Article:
Bobolinks are among my favorite birds.  It is impossible to hear their silly song being sung from on high without growing a grin on your face.  And what kind of bird is black beneath and pale above?  The Bobolink is an absurd bird and any birding outing is made better when one spots Dolichonyx oryzivorus.  Unfortunately for me and other New York City birders, Bobolinks are hard to come by in our marvelous metropolis.  In The Second Atlas of Breeding Birds in New York State one can see that only the southern tip of our southernmost borough, Staten Island, had breeding Bobolinks between 2000 and 2005.  Sure, in fall one can see basic plumaged Bobolinks if one looks on the barrier beaches but seeing a male Bobolink in its breeding finery on spring migration is a rare occasion and one worth celebrating.  When one was in Brooklyn’s Prospect Park this spring hordes of birders descended, thrilled to see such a special bird.

All of this is rather depressing to an upstate New York transplant who was used to Bobolinks all summer long before he moved to New York City.  You can imagine my joy when, on a morning-long birding outing yesterday, Seth, Mary, and I discovered a pair of Bobolinks on breeding territory in Queens!  So far as I can tell, Bobolinks haven’t bred in Queens since the first breeding bird atlas, in the 1980s.

Because the place we found the Bobolinks at is rather sensitive, as one of the few places in Queens with decent grasslands, I think it is best not to give details as to the exact location.  Please forgive me this bit of intentional obscurity but I would rather know that the Bobolinks are undisturbed and singing away rather than hear that overly eager birders have caused a breeding failure or caused birders to lose access to the location.  Enjoy these images, though, and here’s hoping you are in a place where you can hear their song and watch their display flight!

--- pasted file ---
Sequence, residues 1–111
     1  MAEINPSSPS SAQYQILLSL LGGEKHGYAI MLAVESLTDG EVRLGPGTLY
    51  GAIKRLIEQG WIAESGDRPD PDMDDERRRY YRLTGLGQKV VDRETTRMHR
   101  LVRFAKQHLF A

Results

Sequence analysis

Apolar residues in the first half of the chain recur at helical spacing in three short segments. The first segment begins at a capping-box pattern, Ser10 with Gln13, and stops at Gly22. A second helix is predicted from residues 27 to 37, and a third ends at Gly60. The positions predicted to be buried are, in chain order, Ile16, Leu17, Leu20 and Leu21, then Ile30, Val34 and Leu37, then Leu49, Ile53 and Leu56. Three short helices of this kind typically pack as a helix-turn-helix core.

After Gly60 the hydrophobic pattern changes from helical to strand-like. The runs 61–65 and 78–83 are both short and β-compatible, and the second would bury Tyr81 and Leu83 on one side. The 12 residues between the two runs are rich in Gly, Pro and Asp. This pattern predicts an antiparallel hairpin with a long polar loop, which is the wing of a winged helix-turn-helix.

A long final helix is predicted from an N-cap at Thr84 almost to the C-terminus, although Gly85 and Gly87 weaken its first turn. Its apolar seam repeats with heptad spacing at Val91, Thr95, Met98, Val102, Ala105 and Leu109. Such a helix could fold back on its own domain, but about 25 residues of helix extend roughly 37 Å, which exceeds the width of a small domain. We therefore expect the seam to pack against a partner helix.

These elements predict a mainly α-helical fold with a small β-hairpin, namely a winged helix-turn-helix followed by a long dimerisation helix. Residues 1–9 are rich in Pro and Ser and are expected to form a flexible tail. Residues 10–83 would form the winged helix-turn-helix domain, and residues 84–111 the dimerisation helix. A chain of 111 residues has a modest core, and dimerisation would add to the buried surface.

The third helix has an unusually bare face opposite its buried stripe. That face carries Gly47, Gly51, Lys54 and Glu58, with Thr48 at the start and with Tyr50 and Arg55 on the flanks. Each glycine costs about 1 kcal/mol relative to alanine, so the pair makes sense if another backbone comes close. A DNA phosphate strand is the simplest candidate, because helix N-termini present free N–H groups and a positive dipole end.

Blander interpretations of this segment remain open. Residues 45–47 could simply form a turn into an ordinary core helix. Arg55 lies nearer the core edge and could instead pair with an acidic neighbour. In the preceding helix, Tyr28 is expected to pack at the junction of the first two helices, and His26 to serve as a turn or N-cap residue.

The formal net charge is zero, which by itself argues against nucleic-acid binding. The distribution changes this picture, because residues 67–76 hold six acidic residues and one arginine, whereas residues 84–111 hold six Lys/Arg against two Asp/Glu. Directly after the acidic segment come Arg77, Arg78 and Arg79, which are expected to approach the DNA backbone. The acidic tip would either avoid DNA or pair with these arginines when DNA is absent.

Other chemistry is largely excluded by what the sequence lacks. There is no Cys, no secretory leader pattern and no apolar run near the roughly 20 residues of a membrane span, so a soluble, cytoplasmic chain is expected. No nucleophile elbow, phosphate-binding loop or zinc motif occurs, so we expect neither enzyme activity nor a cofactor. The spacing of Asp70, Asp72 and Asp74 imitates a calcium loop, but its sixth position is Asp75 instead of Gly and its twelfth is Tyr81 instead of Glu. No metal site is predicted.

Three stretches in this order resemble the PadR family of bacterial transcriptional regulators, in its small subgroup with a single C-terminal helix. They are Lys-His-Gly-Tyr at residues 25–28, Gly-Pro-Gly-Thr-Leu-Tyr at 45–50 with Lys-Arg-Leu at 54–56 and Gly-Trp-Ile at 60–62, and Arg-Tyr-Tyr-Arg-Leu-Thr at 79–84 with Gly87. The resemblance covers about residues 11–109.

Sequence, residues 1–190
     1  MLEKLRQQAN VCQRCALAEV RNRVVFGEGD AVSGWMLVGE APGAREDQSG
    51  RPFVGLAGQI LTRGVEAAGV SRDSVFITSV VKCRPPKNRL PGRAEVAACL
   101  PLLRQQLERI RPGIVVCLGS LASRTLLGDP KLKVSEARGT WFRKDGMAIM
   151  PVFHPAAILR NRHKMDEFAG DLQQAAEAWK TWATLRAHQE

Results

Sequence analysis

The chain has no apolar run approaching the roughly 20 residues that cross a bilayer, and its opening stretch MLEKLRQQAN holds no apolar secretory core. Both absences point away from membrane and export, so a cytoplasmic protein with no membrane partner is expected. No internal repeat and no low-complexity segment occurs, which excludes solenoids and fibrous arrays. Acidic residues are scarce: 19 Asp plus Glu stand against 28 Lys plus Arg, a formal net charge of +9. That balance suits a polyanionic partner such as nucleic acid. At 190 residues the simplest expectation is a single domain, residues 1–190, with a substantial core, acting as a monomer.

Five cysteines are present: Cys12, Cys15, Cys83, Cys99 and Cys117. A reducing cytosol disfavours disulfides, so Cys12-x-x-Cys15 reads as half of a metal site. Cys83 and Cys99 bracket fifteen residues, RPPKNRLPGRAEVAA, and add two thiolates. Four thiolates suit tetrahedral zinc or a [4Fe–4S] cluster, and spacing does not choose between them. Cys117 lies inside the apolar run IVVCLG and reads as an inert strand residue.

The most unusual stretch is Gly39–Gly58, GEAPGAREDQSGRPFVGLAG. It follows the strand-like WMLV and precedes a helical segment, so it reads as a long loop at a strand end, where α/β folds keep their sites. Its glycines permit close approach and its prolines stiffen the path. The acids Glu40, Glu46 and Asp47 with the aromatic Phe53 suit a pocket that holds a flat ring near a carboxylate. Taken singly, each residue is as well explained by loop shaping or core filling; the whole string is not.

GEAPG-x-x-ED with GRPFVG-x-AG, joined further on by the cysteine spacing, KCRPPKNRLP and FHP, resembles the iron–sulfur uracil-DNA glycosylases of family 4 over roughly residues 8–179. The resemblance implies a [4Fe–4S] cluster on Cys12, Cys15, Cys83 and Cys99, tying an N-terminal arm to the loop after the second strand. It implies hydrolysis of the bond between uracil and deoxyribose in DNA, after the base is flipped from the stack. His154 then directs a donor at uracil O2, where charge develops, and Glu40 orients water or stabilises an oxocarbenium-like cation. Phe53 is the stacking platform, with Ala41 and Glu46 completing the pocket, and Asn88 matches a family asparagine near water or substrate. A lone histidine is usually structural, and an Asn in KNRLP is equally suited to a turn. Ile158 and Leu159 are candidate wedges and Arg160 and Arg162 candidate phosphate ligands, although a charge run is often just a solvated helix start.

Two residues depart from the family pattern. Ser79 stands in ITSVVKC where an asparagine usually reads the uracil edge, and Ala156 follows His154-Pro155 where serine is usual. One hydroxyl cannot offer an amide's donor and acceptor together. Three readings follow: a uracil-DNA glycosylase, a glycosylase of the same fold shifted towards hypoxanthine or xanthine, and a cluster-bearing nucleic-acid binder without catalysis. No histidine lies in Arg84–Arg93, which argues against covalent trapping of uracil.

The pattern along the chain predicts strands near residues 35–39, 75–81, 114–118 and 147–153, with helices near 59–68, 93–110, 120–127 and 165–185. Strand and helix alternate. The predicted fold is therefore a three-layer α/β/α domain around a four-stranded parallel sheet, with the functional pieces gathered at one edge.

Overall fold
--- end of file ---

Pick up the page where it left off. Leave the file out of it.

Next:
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Written by Corey
Corey is a New Yorker who lived most of his life in upstate New York but has lived in Queens since 2008. He's only been birding since 2005 but has garnered a respectable life list by birding whenever he wasn't working as a union representative or spending time with his family. He lives in Forest Hills with Daisy and Desmond Shearwater. His bird photographs have appeared on the Today Show, in Birding, Living Bird Magazine, Bird Watcher's Digest, and many other fine publications. He is also the author of the American Birding Association Field Guide to the Birds of New York.